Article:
पृष्ठम्:A Sanskrit primer (1901).djvu/३५

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एतत् पृष्ठम् अपरिष्कृतम् अस्ति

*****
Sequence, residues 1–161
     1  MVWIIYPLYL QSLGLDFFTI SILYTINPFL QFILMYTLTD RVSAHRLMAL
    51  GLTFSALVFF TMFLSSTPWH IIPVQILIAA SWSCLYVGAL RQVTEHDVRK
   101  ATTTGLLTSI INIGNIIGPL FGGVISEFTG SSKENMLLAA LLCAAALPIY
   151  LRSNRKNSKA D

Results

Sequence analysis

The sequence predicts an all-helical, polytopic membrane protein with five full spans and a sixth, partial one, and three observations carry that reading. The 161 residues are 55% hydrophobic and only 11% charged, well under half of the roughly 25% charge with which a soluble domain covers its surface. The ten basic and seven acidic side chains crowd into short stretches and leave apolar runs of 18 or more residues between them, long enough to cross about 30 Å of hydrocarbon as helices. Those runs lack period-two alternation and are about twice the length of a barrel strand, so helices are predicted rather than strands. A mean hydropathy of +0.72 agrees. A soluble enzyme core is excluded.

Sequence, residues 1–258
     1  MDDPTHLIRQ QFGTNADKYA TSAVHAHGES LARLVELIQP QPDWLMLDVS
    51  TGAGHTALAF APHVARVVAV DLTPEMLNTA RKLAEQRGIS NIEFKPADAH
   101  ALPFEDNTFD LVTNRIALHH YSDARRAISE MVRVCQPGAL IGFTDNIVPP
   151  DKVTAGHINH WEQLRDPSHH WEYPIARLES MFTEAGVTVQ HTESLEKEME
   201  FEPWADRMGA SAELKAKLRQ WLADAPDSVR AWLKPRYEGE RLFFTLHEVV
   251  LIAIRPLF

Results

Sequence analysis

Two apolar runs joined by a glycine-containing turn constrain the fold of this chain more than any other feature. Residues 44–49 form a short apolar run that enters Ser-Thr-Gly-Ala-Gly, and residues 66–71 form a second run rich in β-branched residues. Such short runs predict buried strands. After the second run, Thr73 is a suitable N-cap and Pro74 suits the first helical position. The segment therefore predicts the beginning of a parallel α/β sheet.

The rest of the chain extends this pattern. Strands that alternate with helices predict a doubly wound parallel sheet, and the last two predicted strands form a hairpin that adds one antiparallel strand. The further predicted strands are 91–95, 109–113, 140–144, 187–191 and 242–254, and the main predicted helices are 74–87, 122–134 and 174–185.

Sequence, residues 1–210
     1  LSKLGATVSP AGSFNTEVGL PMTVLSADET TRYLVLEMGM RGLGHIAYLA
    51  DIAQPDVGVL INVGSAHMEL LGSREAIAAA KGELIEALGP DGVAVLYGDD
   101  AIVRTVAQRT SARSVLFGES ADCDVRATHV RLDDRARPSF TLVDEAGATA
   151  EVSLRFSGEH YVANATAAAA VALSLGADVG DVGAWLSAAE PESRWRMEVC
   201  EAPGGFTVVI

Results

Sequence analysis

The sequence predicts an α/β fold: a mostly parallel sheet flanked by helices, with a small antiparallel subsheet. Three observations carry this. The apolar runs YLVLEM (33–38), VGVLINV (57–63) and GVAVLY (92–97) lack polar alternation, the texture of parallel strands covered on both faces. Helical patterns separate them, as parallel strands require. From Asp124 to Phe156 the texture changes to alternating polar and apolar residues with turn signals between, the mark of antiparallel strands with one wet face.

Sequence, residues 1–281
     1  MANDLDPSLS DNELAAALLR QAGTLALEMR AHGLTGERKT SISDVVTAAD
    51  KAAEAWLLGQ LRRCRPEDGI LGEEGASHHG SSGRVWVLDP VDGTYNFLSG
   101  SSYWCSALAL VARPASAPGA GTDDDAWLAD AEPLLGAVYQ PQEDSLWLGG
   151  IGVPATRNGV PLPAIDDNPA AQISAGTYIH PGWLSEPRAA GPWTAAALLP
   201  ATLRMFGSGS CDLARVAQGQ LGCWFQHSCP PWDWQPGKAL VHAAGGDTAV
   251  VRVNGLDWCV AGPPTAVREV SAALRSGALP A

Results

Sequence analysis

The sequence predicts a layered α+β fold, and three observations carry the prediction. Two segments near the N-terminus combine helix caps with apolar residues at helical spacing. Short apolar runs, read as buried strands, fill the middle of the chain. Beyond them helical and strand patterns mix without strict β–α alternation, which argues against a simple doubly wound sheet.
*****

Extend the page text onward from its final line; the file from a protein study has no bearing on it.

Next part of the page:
Introduction. 19 eo sten, and never being shifted to the endings; and the distinction of strong and weak forms is unknown. Moreover, the present-stem of every verb in the four classes of this conjugation ends in 7 a. There are also other points of difference. 76. The classification current among the Hindu, and hitherto among the European, grammarians comprises ten conjugation- classes, arranged according to no intelligible principle whatever. The native “tenth class” is really no present-class at all, but a causative, i. e. a derivative conjugation, which extends beyond the limits of the present-system. Probably the fact that by no means all conjugation-stems formed by the causative sign bad really a causative value induced the natives to adopt such a present-class. The Hindu scheme also quite omits the passive. 77. The Hindu first, sixth, fourth, and tenth classes form the so- called first conjugation of their scheme, which corresponds, except as regards the tenth class, with our second conjugation. The remainder of the classes form the natives' second conjugation, which agrees in the main with our first. 78. The classes are then as follows: Pes 00 First Conjugation. 1. The root-class (second or ad-class, of the Hindus); its present-stem is coincident with the root itself; thus, 7 ad, 'eat'; qigo'; fem dưiş, “bate'. II. The reduplicating class (third or hu-class); the rooi is reduplicated to form the present-stemi; thus, Je juhu from l' hu, “sacrifice’; 2 dadā from V'dā, “gire'. JII. The nasal class (seventh or rudh-class); a pasal, extended to the syllable na [na] in strong forms, is inserted before the final consonant of the root; thus, fær rundh (or Tuy runadh) from Ty rudh, "hinder'. 2* Univ Calif - Digitized by Microsoft ®